President Donald Trump's fight to keep his financial records hidden from public view suffered its first legal defeat on Monday when US District Court Judge Amit Mehta upheld a congressional subpoena seeking Trump's financial records from Mazars, Trump's long-time accounting firm.
Trump's legal team appealed Mehta's ruling on Tuesday, which will move the case into the DC Circuit Court of Appeals, the second-highest court in the country, where one particularly famous jurist sits.
That judge - the chief in fact - is Merrick Garland, whose nomination to the Supreme Court by Barack Obama was blockaded by Senate Republicans in 2016.
Granted, the appeal getting assigned to Garland is not a certainty, as most appeals are heard by a randomly-assigned three-judge panel, not the whole court.
If the three-judge panel on the DC Circuit Court of Appeals does not make a decision in Trump's favor, he could ask for the entire bench to review the case or appeal it to the Supreme Court.
But the possibility of a Trump-Garland showdown has social media relishing over the potential karmic retribution.
The shade of it all.
Last week, William Consovoy, Trump’s personal attorney, argued that the Constitution does not grant the House of Representatives law enforcement powers and that the multiple investigations in the House serve no legislative purpose.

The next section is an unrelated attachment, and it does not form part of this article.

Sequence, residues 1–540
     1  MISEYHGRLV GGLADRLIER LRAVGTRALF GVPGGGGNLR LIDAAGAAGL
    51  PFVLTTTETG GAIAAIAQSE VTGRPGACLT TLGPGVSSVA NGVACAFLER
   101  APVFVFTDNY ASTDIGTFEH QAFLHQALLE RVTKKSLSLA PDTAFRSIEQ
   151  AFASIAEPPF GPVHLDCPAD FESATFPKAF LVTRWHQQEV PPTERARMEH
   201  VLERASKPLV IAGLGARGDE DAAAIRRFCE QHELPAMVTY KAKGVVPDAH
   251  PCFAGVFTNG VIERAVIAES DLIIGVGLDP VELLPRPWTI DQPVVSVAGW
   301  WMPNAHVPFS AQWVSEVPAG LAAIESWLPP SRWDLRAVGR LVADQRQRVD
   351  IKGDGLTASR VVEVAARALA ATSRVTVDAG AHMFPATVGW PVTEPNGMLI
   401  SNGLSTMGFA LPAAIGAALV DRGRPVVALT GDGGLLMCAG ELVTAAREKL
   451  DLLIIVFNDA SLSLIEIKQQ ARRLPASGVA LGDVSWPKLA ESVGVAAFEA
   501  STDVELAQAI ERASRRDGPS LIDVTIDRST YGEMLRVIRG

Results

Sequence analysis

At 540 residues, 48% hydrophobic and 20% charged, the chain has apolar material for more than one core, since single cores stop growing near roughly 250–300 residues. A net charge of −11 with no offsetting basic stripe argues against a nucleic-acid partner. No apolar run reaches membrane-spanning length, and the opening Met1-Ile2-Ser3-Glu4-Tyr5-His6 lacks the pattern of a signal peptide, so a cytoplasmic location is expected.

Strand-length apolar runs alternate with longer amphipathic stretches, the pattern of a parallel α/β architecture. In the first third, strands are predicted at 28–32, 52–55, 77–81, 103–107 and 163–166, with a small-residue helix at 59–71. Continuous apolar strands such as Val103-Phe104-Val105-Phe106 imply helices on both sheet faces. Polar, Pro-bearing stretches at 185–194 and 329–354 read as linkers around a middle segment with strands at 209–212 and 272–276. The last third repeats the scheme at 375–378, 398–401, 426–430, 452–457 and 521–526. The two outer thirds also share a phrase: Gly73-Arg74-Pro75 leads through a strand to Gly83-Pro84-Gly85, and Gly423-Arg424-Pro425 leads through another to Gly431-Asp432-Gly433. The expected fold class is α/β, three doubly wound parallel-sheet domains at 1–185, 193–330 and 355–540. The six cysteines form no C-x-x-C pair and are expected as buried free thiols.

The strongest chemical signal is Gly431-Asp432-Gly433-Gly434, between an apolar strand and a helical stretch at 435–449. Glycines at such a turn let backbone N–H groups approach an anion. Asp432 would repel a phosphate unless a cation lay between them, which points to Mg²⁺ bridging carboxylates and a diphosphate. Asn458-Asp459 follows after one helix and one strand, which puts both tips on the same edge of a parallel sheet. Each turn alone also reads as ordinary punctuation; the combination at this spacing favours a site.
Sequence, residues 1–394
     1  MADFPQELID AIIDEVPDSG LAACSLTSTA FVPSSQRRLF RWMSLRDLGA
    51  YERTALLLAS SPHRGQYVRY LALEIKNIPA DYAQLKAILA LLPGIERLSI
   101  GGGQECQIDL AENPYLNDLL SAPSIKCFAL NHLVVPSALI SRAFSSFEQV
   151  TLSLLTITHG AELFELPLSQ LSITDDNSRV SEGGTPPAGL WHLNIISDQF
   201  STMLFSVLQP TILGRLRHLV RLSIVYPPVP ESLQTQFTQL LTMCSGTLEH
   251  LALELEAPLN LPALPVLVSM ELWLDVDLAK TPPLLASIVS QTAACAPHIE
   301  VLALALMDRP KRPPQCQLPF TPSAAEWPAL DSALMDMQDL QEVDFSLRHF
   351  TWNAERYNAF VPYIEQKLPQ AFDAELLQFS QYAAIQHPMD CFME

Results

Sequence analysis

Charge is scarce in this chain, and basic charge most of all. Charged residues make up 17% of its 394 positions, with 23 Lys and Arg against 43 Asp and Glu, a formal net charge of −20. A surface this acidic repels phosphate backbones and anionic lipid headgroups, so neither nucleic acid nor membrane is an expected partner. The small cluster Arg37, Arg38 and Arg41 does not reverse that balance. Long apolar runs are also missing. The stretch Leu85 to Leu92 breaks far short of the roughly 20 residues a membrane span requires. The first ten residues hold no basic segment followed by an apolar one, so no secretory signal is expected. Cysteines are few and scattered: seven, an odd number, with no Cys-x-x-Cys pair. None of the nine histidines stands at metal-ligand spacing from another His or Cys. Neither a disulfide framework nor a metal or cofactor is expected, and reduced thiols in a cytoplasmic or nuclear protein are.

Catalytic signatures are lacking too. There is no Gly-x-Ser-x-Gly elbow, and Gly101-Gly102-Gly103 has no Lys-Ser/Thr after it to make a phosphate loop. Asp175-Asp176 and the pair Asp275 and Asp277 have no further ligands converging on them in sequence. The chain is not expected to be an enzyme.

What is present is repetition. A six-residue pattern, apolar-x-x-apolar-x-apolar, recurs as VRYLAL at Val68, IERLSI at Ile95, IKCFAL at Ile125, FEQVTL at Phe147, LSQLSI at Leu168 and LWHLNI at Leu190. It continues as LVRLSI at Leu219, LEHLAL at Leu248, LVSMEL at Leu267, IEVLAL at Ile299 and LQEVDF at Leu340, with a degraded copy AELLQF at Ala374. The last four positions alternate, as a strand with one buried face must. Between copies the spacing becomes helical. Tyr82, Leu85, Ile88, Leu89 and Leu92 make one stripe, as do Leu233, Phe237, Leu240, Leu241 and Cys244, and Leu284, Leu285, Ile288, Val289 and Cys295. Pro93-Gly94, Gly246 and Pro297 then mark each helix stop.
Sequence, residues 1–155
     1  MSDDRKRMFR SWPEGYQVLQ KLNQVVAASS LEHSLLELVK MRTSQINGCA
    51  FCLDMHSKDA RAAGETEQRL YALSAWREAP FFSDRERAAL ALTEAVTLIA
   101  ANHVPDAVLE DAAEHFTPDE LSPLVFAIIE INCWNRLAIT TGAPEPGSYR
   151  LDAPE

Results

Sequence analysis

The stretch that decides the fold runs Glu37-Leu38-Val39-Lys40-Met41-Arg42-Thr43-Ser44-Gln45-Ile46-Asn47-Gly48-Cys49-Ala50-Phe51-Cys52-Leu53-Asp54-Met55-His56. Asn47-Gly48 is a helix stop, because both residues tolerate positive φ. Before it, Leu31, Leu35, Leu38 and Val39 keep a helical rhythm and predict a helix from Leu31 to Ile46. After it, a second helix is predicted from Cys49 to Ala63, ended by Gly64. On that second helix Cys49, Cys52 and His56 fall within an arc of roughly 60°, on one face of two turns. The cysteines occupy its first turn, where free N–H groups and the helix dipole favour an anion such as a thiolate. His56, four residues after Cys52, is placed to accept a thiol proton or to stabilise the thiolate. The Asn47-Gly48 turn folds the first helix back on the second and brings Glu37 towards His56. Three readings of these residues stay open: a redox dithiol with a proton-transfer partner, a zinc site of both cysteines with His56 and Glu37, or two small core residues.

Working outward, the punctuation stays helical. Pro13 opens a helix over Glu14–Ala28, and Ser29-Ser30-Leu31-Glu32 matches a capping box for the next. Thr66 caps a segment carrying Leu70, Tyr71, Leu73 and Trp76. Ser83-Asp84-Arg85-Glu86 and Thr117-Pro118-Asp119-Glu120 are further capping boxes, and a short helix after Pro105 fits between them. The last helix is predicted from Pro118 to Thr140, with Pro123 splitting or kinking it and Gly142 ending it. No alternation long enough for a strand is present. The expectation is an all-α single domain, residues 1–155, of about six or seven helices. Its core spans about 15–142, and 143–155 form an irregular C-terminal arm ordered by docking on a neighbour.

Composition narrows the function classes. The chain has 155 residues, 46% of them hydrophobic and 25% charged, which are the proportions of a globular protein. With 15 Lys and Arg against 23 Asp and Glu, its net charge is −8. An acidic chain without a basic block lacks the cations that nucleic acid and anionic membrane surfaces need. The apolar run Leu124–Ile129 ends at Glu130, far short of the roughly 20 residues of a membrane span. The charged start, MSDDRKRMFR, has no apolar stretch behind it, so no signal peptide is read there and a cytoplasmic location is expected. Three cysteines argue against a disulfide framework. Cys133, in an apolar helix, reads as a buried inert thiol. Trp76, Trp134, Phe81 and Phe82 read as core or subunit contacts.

“That is law enforcement,” Consovoy said. “Are you complying with federal law?”
Mehta asked Consovoy if a president could be investigated for corruption while in office, which Consovoy dismissed.
“I don’t think that’s the proper subject of investigation as to the president,” he replied.
What happened next is almost unbelievable.
Consovoy suggested that the Watergate and Whitewater investigations may have been unconstitutional.
Brad Heath of USA Today reported US District Court Judge Amit Mehta’s reaction:
“Mehta sounded incredulous, asking whether Congress could have investigated Watergate, which led to President Richard Nixon’s resignation, and Whitewater, which led to President Bill Clinton’s impeachment. Consovoy initially said he’d have to look at the basis for those investigations.”
“They were inquiring as to violations of criminal law,” Mehta said. “It’s pretty straightforward – among other things.”
“That is still law enforcement,” Consovoy said.
In his ruling on Monday, Mehta shredded the administration's arguments in a blistering 41-page opinion.
“It is simply not fathomable that a Constitution that grants Congress the power to remove a president for reasons including criminal behavior would deny Congress the power to investigate him for unlawful conduct — past or present — even without formally opening an impeachment inquiry," Mehta wrote.
There is a clear, established precedent for Congress to investigate the president for suspected criminal acts.
“Congress plainly views itself as having sweeping authority to investigate illegal conduct of a president, before and after taking office,” Mehta wrote. “This court is not prepared to roll back the tide of history.”
Trump decried Mehta's ruling, calling it "crazy" before suggesting that Mehta is biased because he was appointed by Obama.
“It's totally the wrong decision by, obviously, an Obama-appointed judge,” Trump told reporters.